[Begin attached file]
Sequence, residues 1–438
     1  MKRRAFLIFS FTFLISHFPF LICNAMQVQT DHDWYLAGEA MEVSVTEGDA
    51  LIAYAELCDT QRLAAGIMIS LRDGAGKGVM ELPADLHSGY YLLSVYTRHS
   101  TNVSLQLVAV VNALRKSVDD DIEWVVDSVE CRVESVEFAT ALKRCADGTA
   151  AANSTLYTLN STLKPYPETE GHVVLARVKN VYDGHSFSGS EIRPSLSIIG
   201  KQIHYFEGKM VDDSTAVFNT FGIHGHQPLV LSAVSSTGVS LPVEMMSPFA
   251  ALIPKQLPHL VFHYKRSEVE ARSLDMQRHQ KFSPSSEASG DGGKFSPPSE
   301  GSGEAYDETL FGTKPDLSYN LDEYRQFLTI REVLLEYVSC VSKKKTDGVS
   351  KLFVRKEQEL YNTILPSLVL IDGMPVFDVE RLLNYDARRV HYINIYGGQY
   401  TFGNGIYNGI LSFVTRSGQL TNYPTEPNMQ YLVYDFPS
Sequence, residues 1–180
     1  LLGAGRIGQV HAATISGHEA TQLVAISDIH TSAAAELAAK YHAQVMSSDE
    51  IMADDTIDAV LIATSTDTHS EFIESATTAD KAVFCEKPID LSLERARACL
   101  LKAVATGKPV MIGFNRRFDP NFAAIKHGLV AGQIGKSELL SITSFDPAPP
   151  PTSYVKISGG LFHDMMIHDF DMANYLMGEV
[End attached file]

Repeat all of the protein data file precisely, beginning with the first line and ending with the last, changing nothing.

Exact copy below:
Sequence, residues 1–438
     1  MKRRAFLIFS FTFLISHFPF LICNAMQVQT DHDWYLAGEA MEVSVTEGDA
    51  LIAYAELCDT QRLAAGIMIS LRDGAGKGVM ELPADLHSGY YLLSVYTRHS
   101  TNVSLQLVAV VNALRKSVDD DIEWVVDSVE CRVESVEFAT ALKRCADGTA
   151  AANSTLYTLN STLKPYPETE GHVVLARVKN VYDGHSFSGS EIRPSLSIIG
   201  KQIHYFEGKM VDDSTAVFNT FGIHGHQPLV LSAVSSTGVS LPVEMMSPFA
   251  ALIPKQLPHL VFHYKRSEVE ARSLDMQRHQ KFSPSSEASG DGGKFSPPSE
   301  GSGEAYDETL FGTKPDLSYN LDEYRQFLTI REVLLEYVSC VSKKKTDGVS
   351  KLFVRKEQEL YNTILPSLVL IDGMPVFDVE RLLNYDARRV HYINIYGGQY
   401  TFGNGIYNGI LSFVTRSGQL TNYPTEPNMQ YLVYDFPS
Sequence, residues 1–180
     1  LLGAGRIGQV HAATISGHEA TQLVAISDIH TSAAAELAAK YHAQVMSSDE
    51  IMADDTIDAV LIATSTDTHS EFIESATTAD KAVFCEKPID LSLERARACL
   101  LKAVATGKPV MIGFNRRFDP NFAAIKHGLV AGQIGKSELL SITSFDPAPP
   151  PTSYVKISGG LFHDMMIHDF DMANYLMGEV